Research Article: Why seek a second consultation at an emergency centre? A qualitative study

Date Published: July 27, 2017

Publisher: AOSIS

Author(s): Lize Crafford, Louis S. Jenkins.


The inappropriate use of emergency centres (ECs) is an expanding problem globally. The high attendance of non-urgent return presentations to ECs is recognised as part of the problem, placing an unnecessary demand on limited staff and resources. Of unscheduled returns 34% of cases had no change to diagnosis or treatment with the conclusion that 80% of re-attendance could be attributed to deficiencies in the initial consultation. This study aimed to evaluate the reasons why patients sought an early second consultation for the same complaint at a hospital EC in South Africa, by exploring the patient’s experience and shortcomings in the first consultation.

A qualitative study was conducted using in-depth, semi-structured interviews with 20 purposively selected participants who presented to a rural regional provincial hospital’s EC within 7 days of a prior consultation for the same complaint. Verbatim transcripts were analysed using the framework method.

The main reasons for a second consultation were symptom related factors and the need for diagnostic certainty. The major themes around patient experience of the initial consultation were shortcomings in effective evaluation and management of pain, diagnostic uncertainty including poor examination, poor explanation, uncertain access and follow-up and societal encouragement to utilise a hospital EC.

Further interventions should explore pain as a presenting symptom of the illness experience, and promote competence in addressing physical and psychological causative factors within a patient-centred approach for all health staff, especially in primary care services.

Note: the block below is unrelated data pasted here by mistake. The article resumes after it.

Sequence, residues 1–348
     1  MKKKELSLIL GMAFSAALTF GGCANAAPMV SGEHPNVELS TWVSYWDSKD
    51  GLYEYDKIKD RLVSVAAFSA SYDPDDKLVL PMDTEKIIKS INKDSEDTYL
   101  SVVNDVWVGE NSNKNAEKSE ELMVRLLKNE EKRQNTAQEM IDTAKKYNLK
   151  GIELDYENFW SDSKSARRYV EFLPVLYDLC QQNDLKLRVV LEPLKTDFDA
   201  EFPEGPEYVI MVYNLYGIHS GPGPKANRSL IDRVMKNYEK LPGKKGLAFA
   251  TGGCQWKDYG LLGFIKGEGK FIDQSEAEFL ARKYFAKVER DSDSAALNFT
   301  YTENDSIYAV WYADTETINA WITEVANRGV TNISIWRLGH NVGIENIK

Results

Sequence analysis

Partial Text

Globally, the increased utilisation of emergency centres (ECs) is an acknowledged problem in health care systems. This has not only led to crowding of units, prolonged waiting periods and delays to treatment, but also to patient dissatisfaction and reduced productivity of health care workers.1,2,3 Factors contributing to this increase of EC usage have been shown to be the lack of health care insurance, poor access to primary care, the increase in communicable diseases, inappropriate EC use for non-urgent complaints by patients and the return of patients to the ECs.3,4

Twenty participants, 9 female and 11 male, between the ages of 20 and 63 years (mean 42.6 years), fulfilled the inclusion criteria and participated. Seventy per cent of the participants’ first language was Afrikaans, 25% isiXhosa and 5% English, which is a true reflection of the Eden district demographics (70.8% Afrikaans, 18.3% isiXhosa, 7.5% English).25 Thirty-five per cent of participants relied on public transport to access health care. Two participants bypassed the primary health care services by utilising ambulance transport to the hospital EC. Eleven participants’ first consultations were at their local PHC, seven presented themselves to the EC after a prior visit and only two participants sought medical care at a private GP. The distance from home to the EC ranged from 2.5 km to 23.0 km.

The main reasons for seeking a second consultation were persistence of symptoms, particularly pain, closely associated with the need to understand the cause of the pain. This is in keeping with previous research as the main reason for unscheduled return visits to the emergency department being symptom related with inadequate pain management proven to be a significant problem.1,7,8,9 Milbrett identified that six of seven major reasons to visit an EC as having some relationship to pain, and White described pain-related diagnoses to be a major reason for unscheduled returns.2,4 Overdramatisation of pain, sometimes to the extreme of fear of death, raises the question of how well health care workers are addressing the presumed underlying physical or psycho-social contributing factors, and how this can be managed better.

The aim of this study was to explore patients’ experience of their first consultation and any shortcomings that led to seeking an early second consultation at a regional hospital EC. The main themes included shortcomings in effective evaluation and management of pain, diagnostic uncertainty including poor explanation, poor examination, uncertain access, uncertain follow-up and societal encouragement to utilise the hospital EC.




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